What Your PFD Says About You… And Your Political Party

I admit I love receiving my PFD. Sadly, I won’t be getting what may be the last good one because I made the idiotic decision to live in Kansas part of last year. However, over my life the PFD has been pretty good to me. It helped me buy my first car, a less than awesome Buick Skyhawk which I still have some nostalgia for. The PFD then helped me pay for my University of Alaska education, an education that allows me to do what I am doing right now. And then, when I decided to do two-years of national service in Americorps, the PFD actually accounted for a hefty portion of my annual income. Without the PFD, I don’t know if I would have been able to give that service to my country.

I do and always have loved the PFD, but since I took my first government classes in high school, I have to admit it’s been a troubled love.

Like a lot of conservatives in Alaska, I generally oppose government handouts as corruptive to the soul and counterproductive for society. When I learned of the difference between capitalism, socialism, and other economic systems, even as a teenager, I was very aware of my own cognitive dualism. Private property and free-markets allow for individual exceptionalism and the greatest innovation and advancement of society, I would think, followed immediately by oooooh, the PFD, GIMMEEEEEE!!!!.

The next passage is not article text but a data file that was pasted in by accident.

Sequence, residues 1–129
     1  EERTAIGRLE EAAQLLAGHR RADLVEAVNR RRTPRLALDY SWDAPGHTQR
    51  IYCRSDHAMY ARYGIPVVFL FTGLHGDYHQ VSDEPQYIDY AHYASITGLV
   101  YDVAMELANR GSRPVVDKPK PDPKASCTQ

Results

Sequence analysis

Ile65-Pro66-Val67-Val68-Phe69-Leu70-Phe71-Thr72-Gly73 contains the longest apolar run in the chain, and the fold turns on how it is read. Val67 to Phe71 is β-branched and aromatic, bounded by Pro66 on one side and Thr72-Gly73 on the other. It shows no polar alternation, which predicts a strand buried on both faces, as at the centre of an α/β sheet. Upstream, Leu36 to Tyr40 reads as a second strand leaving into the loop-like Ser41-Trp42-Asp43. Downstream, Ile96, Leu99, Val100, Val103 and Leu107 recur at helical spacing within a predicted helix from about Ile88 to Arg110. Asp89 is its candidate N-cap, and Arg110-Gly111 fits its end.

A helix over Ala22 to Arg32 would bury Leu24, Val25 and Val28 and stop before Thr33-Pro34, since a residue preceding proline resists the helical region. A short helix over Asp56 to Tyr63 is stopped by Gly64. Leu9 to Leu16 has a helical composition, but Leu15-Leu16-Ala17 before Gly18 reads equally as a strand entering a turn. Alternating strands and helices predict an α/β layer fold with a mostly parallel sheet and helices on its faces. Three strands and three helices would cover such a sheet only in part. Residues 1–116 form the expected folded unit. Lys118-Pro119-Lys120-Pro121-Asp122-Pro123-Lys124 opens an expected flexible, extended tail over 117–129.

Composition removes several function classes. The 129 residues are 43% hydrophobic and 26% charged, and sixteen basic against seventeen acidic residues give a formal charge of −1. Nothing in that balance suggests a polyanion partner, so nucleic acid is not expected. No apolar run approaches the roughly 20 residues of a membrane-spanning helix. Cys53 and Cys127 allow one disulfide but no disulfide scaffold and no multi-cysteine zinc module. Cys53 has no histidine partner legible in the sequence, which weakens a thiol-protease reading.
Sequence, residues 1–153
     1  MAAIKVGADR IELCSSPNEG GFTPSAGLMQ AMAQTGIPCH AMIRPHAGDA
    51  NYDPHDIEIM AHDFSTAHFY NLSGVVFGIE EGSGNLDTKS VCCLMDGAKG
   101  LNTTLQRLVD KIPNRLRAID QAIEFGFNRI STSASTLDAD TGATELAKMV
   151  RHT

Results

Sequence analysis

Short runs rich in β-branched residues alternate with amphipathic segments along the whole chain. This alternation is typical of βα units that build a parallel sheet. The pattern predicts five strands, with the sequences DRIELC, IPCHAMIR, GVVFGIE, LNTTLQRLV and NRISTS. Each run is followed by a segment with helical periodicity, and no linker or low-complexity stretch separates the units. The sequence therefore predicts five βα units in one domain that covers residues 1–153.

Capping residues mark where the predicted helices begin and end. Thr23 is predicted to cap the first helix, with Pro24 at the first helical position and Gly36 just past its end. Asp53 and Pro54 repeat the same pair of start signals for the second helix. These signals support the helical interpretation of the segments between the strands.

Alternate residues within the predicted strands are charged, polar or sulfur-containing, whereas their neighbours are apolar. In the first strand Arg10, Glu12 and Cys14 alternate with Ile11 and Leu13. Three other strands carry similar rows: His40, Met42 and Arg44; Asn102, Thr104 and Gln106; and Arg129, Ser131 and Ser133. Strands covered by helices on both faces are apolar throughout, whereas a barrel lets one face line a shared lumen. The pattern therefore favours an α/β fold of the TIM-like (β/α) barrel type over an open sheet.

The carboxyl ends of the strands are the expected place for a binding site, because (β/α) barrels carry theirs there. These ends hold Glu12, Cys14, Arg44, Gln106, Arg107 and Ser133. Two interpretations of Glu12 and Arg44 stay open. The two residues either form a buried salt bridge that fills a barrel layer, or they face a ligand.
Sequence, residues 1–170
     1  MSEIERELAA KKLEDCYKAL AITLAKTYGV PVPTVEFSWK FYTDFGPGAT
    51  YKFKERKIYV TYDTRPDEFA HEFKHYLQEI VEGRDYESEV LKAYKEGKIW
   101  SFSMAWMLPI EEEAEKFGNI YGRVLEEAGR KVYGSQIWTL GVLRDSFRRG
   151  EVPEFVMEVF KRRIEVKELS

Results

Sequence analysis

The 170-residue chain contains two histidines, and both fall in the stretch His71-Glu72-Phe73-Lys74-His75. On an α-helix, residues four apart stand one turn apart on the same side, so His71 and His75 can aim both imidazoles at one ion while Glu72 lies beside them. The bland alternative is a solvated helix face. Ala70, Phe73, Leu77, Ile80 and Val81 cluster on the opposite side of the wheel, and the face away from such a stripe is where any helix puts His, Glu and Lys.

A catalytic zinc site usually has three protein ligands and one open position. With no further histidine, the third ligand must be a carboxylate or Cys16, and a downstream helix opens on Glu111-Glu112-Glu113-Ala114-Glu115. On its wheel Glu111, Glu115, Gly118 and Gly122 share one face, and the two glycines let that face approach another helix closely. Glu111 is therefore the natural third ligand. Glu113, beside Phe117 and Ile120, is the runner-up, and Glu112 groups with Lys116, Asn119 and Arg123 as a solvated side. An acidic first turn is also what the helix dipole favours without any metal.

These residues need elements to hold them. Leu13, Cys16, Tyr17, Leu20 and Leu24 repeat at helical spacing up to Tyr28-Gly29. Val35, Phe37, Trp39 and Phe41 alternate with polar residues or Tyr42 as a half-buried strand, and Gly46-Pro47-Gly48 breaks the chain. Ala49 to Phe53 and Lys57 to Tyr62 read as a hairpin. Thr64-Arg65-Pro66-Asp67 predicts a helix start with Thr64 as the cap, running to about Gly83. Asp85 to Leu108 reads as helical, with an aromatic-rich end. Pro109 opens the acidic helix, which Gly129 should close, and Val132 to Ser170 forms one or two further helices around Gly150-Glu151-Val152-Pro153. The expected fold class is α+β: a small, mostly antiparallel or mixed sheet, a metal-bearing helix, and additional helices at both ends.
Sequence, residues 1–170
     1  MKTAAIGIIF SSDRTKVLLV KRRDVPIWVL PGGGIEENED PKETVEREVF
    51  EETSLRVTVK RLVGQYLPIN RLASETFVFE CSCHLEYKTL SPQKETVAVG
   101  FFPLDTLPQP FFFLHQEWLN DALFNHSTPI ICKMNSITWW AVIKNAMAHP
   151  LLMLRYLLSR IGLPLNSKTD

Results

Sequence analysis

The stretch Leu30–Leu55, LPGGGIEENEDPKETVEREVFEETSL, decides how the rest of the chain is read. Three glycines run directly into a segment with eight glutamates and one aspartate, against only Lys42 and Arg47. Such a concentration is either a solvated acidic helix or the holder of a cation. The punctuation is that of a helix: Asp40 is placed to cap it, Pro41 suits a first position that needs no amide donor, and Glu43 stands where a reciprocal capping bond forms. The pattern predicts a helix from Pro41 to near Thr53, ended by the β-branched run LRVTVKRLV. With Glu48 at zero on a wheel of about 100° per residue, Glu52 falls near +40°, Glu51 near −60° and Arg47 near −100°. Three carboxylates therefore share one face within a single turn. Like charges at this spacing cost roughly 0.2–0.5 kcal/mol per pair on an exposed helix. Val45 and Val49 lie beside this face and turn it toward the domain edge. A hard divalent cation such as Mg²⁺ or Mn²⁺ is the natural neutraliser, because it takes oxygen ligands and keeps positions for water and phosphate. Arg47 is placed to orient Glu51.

I know I’m not special and this isn’t a unique revelation for many Alaskans. I’ve spoken to fellow  conservatives who freely admit they know the same thing. But Alaska conservatives aren’t stupid, we pretty well know to keep our heads down and our mouth shut on the subject of the PFD, the same way most Alaska Democrats pretend they really, really do support resource development while pretending their opposition to Pebble, ANWR, and Chukchi development is about something else.

Imagine my surprise yesterday when my inbox filled up with conservative and Republican groups going all-in on “protecting the PFD.” The Alaska Republican Party, Alaska Republican Assembly, Alaska Policy Forum, and Americans for Prosperity all sent out notices imploring their people to call into the Senate State Affairs Committee meeting to testify on SB128, Governor Walker’s BIll to “re-plumb” the Permanent Fund.

Here is the top of the email sent out by the Alaska Policy Forum:

apf email

The Alaska Republican Party and Alaska Republican Assembly sent out emails railing on the Governor’s plan saying “Alaskans are concerned that he’ll restructure the Permanent Fund.”

Now these conservative groups are not simply happy to take the PFD, they are its champions? I’d challenge any of those groups to define for me, please, exactly what conservative or Republican principle is furthered by preserving the PFD? Government handouts are good, so long as they are Alaska government handouts? The conservative hypocrisy is alarming.

If that isn’t enough to unnerve those on the right, there is something else to ponder. Here is a pretty fair definition of socialism from the online authority on all things, Wikipedia:

Socialism: “a variety of social and economic systems characterised by social ownership and democratic control of the means of production;as well as the political ideologies, theories, and movements that aim at their establishment.”